Welcome to West California, everyone. Well… if Tim Draper get his way. Draper’s idea to break up California into six different states has been trending across Facebook recently with students of the Claremont Colleges, and, surprisingly, most of the responses have been generally supportive of the idea.
Draper argues that California’s government is too out of touch with the people, and that, therefore, California should split up into six states to bring government down to a more local level; however, by splitting up California, Draper would create many more problems than he would ever solve.
Draper’s proposal seems vastly out of touch with the current socioeconomic realities of California and very much skewed in the favor of wealthy Californians. This is evident simply in how Draper splits up the state of California. Under his proposal, almost every wealthy area in California would be bundled up into either Silicon Valley (San Francisco, Palo Alto) or Western California (LA, Anaheim). Therefore, under Draper’s proposal, California would immediately see the gap between the wealthy and poor widen to an unimaginable extent. In interviews, Draper claims that, while he is a rich man (which is an understatement for someone with a net worth of over a billion dollars), he just wants to see his children get a better education from his tax dollars. This quote reeks of self-interest, as Silicon Valley, being the wealthiest of the six new states, would clearly be able to provide Draper’s children with a better public education than it currently does since his tax dollars wouldn’t be spent on providing education for children in poor areas of the old state of California.
The outlook in the poorer of Draper’s proposed states, on the other hand, would not be as rosy. Draper’s proposed state of Central California, which would include cities like Fresno and Stockton, would immediately become the poorest state in the USA, with a per capita GDP $150 lower than Mississippi. One can imagine that, if California splits up, states like Central California would not be able to provide any of the services it currently provides to any sort of acceptable extent. Conveniently, Draper does not propose a way to keep Central California functioning at the levels it currently does while being supported by the tax dollars of wealthy Californians like himself.
And it’s not just vital government services that would be unable to function at present levels if California were to breakup; entire state economies would be at risk due to the breakup. It’s no small secret that California’s agricultural sector is dependent on the government to weather bad seasons. For example, these past few months saw the California government inject $687 million into the agricultural sector as part of a drought relief program (the Federal government, by comparison, only injected $165 million for their drought relief program). If California were to split up, one can imagine that the new state governments in established agricultural bases, such as Central California, would go bankrupt trying to keep their agricultural sectors afloat. This is problematic because California has been the largest food and agricultural producer in the U.S. for over 50 years. If the agricultural sector in new states such as Central California were allowed to go under, there would be a drastic increase in the price of food as food supply drops. Food deficits, therefore, would have a negative effect on the livelihoods of individuals and families nationwide, not just those living in what used to be California.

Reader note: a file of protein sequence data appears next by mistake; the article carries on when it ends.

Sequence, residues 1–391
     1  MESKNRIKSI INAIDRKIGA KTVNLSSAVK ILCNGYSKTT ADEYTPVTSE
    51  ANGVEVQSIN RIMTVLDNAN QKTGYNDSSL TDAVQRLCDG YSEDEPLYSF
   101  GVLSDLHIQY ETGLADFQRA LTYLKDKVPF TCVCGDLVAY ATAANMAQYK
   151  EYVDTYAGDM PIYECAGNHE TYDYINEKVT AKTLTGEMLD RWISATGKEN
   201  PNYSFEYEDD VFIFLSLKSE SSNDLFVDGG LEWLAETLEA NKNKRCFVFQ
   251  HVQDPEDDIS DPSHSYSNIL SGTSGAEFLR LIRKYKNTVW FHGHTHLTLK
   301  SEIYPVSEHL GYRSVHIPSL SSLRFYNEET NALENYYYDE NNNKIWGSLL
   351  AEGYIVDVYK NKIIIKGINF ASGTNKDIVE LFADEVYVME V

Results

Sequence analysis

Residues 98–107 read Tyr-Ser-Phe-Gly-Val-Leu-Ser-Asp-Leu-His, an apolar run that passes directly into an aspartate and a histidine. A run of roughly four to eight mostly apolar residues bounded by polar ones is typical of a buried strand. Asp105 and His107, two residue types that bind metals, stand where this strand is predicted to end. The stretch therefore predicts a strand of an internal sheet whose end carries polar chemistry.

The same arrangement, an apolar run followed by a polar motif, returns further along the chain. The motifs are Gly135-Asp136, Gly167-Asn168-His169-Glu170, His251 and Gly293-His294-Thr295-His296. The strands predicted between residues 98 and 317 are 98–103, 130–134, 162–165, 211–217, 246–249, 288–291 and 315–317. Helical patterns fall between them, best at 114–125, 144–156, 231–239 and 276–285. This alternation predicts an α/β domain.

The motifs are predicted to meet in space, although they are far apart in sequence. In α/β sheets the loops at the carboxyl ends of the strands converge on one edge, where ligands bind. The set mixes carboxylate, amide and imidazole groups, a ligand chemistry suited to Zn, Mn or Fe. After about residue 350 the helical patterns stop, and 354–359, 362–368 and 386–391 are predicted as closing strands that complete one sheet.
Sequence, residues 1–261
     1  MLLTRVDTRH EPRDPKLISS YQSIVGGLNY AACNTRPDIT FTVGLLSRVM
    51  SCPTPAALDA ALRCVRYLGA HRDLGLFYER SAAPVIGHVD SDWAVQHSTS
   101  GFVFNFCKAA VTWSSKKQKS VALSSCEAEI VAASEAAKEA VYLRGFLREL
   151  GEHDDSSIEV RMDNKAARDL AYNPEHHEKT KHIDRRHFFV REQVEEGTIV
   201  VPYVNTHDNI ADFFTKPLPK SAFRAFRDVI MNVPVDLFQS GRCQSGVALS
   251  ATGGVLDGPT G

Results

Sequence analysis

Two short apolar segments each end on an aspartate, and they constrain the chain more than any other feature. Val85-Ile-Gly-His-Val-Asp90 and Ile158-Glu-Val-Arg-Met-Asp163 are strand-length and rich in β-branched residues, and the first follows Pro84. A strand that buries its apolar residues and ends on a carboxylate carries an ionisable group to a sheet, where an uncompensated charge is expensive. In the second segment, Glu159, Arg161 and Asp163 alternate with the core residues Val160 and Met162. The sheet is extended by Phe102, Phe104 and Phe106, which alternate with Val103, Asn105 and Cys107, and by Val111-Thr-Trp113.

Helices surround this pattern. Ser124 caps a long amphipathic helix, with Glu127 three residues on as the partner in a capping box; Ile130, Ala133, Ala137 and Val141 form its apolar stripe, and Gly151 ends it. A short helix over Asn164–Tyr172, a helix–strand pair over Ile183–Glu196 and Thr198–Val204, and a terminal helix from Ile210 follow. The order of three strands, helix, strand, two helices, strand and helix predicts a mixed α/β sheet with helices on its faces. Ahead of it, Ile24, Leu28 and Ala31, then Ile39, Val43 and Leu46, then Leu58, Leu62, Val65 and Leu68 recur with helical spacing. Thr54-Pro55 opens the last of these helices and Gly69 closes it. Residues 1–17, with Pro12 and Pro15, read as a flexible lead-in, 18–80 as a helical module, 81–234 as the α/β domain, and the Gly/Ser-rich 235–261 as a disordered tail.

Draper also ignores the monolithic logistical problems that his proposal creates. At the moment, California barely has enough water to keep going. It has gotten to the point where water has to be taken from certain areas in the north of California down to the south, to places like Claremont, which does not get enough water to survive on its own. Currently, the issue of water rights is extremely contentious, so one can imagine that it would be an even more difficult task to make agreements between states to give each other water.
Furthermore, the way Draper drew his proposed states lines seems to show he has no idea how people work outside of Silicon Valley. Take his proposed line between Southern California and Western California, which would make the San Bernardino-Los Angeles county line (which falls between Claremont and Upland) a state line. Suddenly, the almost two million people who live in the Inland Empire but work in Los Angeles would be living in one state, Southern California, but working in Western California. This would lead all of these individuals having to file out-of-state taxes, all of which would go to the coffers of Western California. This would only serve to increase the gap between the poor and the rich states, and, essentially, segregate California’s citizens across socioeconomic lines.
All in all, Draper’s proposal seems like a rich man’s delusional plan to not have to foot the bill for the poor of California. Instead of trying to create vastly unequal states, Draper should use his billions to try to cut some of the bureaucratic red tape that has covered California’s state legislature as of late. Tax and budgeting reform, as a start, would cover many of Draper’s qualms about a state government that is out of touch with the people. This could include moving budgetary control of school funds to a more local level, instead of putting all the power into the hands of bureaucrats in Sacramento who have no idea of the needs of people in remote places in California (or those in Silicon Valley, too). Hopefully, Californians (and, if it comes to it, Congress) will have the common sense to reject Draper’s proposal and find a better way to reform their state as one California.